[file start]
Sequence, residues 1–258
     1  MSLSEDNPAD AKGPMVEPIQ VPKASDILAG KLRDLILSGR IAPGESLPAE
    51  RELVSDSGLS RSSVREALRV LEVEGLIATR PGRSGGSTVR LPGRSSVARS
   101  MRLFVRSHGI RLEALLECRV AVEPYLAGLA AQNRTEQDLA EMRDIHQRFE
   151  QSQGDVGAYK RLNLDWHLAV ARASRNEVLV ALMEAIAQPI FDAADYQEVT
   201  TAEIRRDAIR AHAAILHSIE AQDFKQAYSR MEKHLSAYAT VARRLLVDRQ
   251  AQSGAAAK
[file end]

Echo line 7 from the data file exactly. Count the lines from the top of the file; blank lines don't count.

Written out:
   251  AQSGAAAK